Almonds may lower heart disease risk RESEARCH
A study published in Free Radical Research shows that adding almonds to the diet may reduce heart disease risk in men by lowering blood pressure and improving blood flow.
Healthy middle-aged men (mean age 56), healthy young men (mean age 22), and young men with two or more cardiovascular (CV) risk factors (mean age 27) consumed 50 g of almonds/day for four weeks. A control group maintained habitual diets over the same period. Plasma levels of alpha-tocopherol, blood pressure, total HDL- and LDL-cholesterol, and triglycerides were measured at baseline and at the study's end. Alpha-tocopherol is an antioxidant that occurs naturally in nuts, seeds, certain vegetables, and grains.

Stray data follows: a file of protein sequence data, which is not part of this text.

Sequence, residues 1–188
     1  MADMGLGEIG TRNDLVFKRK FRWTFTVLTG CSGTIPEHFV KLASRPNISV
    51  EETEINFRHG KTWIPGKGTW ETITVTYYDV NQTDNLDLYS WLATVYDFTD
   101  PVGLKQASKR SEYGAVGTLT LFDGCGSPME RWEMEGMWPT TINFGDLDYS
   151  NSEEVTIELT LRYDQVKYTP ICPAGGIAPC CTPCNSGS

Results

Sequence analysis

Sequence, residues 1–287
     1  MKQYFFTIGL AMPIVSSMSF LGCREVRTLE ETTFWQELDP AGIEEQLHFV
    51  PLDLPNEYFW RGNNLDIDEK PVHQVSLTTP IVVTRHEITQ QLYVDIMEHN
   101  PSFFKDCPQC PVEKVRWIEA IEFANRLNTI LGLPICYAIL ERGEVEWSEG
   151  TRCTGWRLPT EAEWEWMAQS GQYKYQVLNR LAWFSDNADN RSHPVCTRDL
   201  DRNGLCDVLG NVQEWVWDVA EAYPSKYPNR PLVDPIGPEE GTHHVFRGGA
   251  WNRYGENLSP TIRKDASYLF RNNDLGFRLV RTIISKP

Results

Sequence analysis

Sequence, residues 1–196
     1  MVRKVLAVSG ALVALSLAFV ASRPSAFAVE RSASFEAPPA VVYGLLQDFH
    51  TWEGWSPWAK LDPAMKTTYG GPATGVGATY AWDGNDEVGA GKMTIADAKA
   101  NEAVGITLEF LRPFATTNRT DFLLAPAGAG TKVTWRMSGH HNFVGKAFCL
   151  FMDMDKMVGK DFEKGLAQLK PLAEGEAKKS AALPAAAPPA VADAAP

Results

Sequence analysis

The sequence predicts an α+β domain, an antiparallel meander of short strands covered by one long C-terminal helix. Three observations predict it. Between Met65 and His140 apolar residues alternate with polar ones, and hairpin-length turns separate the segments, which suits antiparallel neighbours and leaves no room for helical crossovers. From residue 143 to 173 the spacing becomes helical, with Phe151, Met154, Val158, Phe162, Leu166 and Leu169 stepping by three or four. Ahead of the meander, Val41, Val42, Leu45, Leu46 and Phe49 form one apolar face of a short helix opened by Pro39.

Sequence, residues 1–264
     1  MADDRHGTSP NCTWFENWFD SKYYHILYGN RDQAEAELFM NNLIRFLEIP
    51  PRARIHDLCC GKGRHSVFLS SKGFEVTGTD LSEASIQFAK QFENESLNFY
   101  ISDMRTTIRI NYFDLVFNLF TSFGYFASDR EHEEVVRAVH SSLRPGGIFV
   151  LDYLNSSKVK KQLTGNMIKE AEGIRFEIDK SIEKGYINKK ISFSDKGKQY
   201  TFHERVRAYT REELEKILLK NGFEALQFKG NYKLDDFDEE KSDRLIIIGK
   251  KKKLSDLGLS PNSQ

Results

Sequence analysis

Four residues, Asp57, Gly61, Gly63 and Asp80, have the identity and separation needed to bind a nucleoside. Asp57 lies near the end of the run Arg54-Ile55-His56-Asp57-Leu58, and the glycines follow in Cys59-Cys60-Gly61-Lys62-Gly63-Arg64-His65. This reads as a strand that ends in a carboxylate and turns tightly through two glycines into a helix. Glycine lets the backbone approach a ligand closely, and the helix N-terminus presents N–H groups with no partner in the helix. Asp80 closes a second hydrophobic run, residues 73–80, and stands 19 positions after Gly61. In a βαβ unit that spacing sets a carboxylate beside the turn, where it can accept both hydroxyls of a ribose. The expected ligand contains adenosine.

Although alpha-tocopherol levels were similar among all groups at baseline, they were markedly higher in the men who ate almonds at the end of four weeks. In addition, their blood flow-mediated dilatation improved and diastolic blood pressure were reduced significantly. Systolic blood pressure declined only among healthy young men who ate almonds. At the end of the study, HDL- and LDL-cholesterol and triglyceride levels were significantly higher in the middle-aged group and the CV group, but the changes weren't affected by almond consumption.
The researchers concluded that "a short-term almond-enriched diet can increase plasma alpha-tocopherol and improve vascular function in asymptomatic healthy men aged between 20 and 70 years without any effect on plasma lipids or markers of oxidative stress."
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